The analogy between SFG and two-level systems has been investigated over the past few years [19,24,25]. Under the slowly varying envelope and undepleted pump approximations, the two bare eigenstates of the system are the signal and idler frequencies, and , respectively, separated in energy by the pump frequency, . The analog of the detuning is proportional to the phase mismatch , where are the idler, signal, and pump wavenumbers, respectively, and is the QPM period . In addition, the coupling parameter is , where and are the second-order susceptibility coefficient and pump intensity profile, respectively. Finally, the system dynamics is described with respect to the propagation coordinate.
The adiabatic geometric phase in SFG has been rigorously derived in Ref. , and here we follow the main results. In the framework of spin-1/2 systems (where the idler and signal frequencies are equivalent to the two opposite spin states in the direction), one can define an analog magnetic field, , after a coordinate transformation to a rotating frame,26]. Equation (1) shows that one can control the analogous magnetic field by tuning three parameters of the interaction: (through the poling period ), , and . The system Hamiltonian is then written in a compact form, 2), we have explicitly considered a -dependent Hamiltonian, analogous to a time-dependent two-level quantum system.
A two-level system subject to an adiabatically changing Hamiltonian preserves its instantaneous eigenstates . In the context of nonlinear optics, this trait has been utilized for broadband and robust frequency conversion [19,27]. In addition, if the Hamiltonian is rotated adiabatically in parameter space, an additional phase is gained, depending only on the geometric trajectory of the Hamiltonian. If the latter is a closed trajectory, then the value of the geometric phase, , is given in terms of the solid angle, , circumvented by the path,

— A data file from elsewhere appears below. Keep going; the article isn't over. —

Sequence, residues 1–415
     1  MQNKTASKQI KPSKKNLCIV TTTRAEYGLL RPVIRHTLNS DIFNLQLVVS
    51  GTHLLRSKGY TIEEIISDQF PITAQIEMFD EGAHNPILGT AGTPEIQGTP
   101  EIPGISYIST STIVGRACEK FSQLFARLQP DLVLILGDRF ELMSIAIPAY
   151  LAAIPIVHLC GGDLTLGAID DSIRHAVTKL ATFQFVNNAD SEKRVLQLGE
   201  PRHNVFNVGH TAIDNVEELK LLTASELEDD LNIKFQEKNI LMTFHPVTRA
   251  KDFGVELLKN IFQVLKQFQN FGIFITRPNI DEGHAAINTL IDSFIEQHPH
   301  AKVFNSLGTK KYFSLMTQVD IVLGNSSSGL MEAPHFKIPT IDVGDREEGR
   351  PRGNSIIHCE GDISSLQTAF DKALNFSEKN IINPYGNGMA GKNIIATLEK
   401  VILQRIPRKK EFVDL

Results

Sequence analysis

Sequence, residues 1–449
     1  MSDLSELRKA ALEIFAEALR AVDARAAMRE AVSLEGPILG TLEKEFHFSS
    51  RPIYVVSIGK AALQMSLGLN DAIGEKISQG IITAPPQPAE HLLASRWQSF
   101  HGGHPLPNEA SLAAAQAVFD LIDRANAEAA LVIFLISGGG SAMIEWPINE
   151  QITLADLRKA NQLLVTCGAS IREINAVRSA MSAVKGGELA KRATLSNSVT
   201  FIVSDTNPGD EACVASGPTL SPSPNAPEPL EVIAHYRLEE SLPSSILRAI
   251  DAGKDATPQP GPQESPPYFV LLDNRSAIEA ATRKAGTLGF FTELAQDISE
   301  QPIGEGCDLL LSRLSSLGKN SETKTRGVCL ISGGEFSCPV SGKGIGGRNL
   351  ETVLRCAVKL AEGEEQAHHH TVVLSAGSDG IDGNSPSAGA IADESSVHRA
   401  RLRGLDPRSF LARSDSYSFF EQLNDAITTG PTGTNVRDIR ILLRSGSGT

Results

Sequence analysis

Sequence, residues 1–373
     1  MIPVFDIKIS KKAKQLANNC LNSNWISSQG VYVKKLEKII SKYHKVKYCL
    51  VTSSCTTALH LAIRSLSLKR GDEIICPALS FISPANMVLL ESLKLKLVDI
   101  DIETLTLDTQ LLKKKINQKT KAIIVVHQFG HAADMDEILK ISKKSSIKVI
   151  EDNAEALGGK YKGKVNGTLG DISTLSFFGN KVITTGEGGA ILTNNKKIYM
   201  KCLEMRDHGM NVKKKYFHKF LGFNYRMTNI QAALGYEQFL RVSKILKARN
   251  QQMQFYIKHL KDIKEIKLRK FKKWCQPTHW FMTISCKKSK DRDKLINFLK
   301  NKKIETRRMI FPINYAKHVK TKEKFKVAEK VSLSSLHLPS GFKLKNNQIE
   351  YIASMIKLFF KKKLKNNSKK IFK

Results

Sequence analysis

3. EXPERIMENTAL RESULTS
In order to experimentally demonstrate these concepts in SFG, we designed three 10 mm long Mg:CLN nonlinear crystals. In all designs, the poling parameters , , and are varied along the propagation direction in a specific manner  to induce an adiabatic trajectory of the analogous magnetic field [Eq. (1)] and a corresponding geometric phase. We considered two types of trajectories–a wedge that connects the north and south poles via two different open paths [Fig. 1(a)]; and a circular trajectory around a fixed vector in parameter space [Fig. 3(b)]. For the pump beam, we used a 1064.5 nm Nd:YAG pulsed laser with a 10 kHz repetition rate, a pulse length of 4.5 nsec and 1 W average power. Additionally, we used two CW lasers: an He:Ne laser at 632.8 nm for the signal frequency with a power of 8 mW, and an infrared tunable laser source (TLS) centered at 1550 nm for the idler frequency, amplified to have a power of 22 mW. The crystals were kept at a constant temperature of 54°C.
In the first design, we fabricated two adjacent parallel paths on the same crystal, each employing an adiabatic trajectory from the north pole of the parameter space surface (corresponding to the idler frequency on the Bloch sphere) to the south pole (signal frequency). This transition was achieved by varying the poling period from 11.15 to 12.49 μm, and simultaneously varying the duty cycle from 30% (approximately 3.5 μm for the poled region width, a value limited by the fabrication constraints) to 50% (see Supplement 1 for more information). The two paths differ from one another by an angle , which defines a closed wedge on the surface in parameter space [Fig. 1(a)]. We choose to gain a phase difference between the two paths, which in the far field approximates a Hermite–Gauss 01 (HG01) beam.